Small groups started this week and my group on Wednesday morning had such a good conversation. Helpful for preaching, too. One person in the group noted that when the lawyer was asked by Jesus which of the three “was a neighbor to the man who fell into the hands of the robber”, the lawyer couldn’t even bring himself to say it. That he was the Samaritan. No, all he could muster was “the one who showed him mercy.” The one. When Jesus finished the parable, everyone and their uncle knew the answer. It wasn’t the Levite. Come on, say it. It wasn’t the priest. You can say it. IT WAS THE SAMARITAN. Jesus could have said, “uh, uh, uh…..which one?” But the parable is shocking enough, Jesus just said “Go and do likewise”.  Shocking and timelessly relevant when it comes to the human condition. Part of what makes the parable so lasting and powerful in the world we live in today is not that the Samaritan was good. It’s that he was a SAMARITAN.

Several years ago, Iman Chablis from the Islamic Center of New Jersey out on Rt 1, Rabbi Feldman from the Jewish Center of Princeton and I together did a three-night gig. Each night was at one of our respective houses of worship. Our intent was to show our collegiality and respect for one another and for each of us to give an example of how we interpret our sacred texts. I chose this parable of the man in the ditch. I won’t ever forget how, after we finished at the Jewish Center, several members of the synagogue came up to me one after the other. Not a few. Several. They told me they were raised to think this parable is an example of the antisemitism of the New Testament and of Christians. It was all because of how the priest and the Levite were portrayed by Jesus as walking by and failing to show mercy to the man in the ditch. One or two mentioned that they never heard that the man who had been robbed was Jewish. I had argued that while Jesus doesn’t say it one could assume someone traveling down from Jerusalem to Jericho was Jewish. But notice, Jesus never called the Samaritan good and never criticized, said a negative thing, or called the priest or the Levite bad. As another person said Wednesday morning, “Can’t we find something good to say about the priest and the Levite?”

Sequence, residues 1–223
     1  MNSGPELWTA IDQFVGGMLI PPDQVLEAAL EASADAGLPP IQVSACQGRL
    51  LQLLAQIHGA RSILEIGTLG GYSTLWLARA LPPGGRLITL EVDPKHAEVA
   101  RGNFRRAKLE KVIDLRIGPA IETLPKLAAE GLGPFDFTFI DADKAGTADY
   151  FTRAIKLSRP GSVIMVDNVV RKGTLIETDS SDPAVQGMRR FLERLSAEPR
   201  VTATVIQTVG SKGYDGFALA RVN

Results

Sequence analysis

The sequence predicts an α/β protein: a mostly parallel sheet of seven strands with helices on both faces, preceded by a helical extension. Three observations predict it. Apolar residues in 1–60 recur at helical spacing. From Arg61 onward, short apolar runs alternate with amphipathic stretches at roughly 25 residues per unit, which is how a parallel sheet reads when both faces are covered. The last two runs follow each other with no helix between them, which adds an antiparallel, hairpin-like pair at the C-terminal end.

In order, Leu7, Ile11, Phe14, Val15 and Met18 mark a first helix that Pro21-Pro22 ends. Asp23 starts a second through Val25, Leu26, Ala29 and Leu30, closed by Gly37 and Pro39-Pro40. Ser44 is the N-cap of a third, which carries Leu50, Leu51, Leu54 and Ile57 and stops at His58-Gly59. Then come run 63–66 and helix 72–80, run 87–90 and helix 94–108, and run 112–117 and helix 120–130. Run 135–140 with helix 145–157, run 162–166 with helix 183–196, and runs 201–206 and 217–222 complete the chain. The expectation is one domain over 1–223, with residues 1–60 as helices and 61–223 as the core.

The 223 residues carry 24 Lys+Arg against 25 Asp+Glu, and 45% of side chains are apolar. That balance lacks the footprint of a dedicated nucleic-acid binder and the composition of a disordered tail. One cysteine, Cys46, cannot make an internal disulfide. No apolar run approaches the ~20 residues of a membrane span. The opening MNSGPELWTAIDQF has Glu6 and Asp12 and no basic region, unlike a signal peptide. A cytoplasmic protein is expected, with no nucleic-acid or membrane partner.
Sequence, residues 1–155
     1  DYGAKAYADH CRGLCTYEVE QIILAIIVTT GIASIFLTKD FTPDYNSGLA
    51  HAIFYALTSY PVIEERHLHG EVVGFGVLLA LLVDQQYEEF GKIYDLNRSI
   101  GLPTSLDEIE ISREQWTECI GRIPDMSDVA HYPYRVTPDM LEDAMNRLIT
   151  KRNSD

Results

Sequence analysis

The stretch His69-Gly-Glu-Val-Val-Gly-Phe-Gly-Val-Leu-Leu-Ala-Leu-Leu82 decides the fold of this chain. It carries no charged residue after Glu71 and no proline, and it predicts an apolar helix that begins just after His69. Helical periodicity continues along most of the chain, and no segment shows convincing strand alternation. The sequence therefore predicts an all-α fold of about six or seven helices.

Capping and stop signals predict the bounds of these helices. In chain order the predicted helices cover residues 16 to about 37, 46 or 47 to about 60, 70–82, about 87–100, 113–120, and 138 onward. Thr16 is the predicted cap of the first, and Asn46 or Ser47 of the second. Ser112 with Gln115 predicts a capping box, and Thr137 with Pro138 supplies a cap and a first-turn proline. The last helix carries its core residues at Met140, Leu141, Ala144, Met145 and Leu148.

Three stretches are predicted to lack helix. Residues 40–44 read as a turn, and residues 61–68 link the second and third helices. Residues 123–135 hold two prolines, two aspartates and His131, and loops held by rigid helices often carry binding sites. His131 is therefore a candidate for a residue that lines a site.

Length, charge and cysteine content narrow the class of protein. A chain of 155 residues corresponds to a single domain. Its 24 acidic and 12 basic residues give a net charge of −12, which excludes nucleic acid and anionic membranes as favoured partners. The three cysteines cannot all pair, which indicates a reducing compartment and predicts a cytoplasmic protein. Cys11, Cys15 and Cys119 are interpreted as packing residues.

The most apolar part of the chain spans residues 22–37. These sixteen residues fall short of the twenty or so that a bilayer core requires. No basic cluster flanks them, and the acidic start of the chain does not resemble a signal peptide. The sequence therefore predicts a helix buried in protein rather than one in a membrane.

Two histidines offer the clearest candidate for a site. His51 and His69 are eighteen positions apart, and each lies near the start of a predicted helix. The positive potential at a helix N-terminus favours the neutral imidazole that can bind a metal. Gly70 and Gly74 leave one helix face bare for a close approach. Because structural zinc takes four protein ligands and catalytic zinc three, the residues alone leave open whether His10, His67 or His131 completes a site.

Jesus never called him good and he never called them bad. Maybe that’s because at the end of the day the parable isn’t about being good. The wonder and the power of the parables is that they cannot easily be reduced to a moral point. They are not simply morality tales with a takeaway about being good. Jesus didn’t say “Go and be good” or “Go and do good.” Like a parent dropping a child off for a friends birthday party or a practice or a rehearsal or an SAT test. Jesus asked “who was a neighbor”. The lawyer is the one who brought up mercy. Jesus might as well of said “go and be” or “go and live” or “go and neighbor”.

If a takeaway from the parable here is about being good, you and I are in deep trouble. Because we are good enough. We aren’t ever good enough. I’m not good enough. You’re not good enough. And compared to the priest and the Levite, we’re not holy enough and probably not smart enough either! If this parable about the traveling Samaritan who acted as a neighbor to the beat up man in the ditch left for dead is about being good, if that’s the standard of assessment when it comes to faithfulness, the instruction manual for how to live and work and stop and care and help and give, I will only speak for myself, but I am failing miserably. And I am the one who walks down Nassau Street as the religious professional like the priest and the Levite.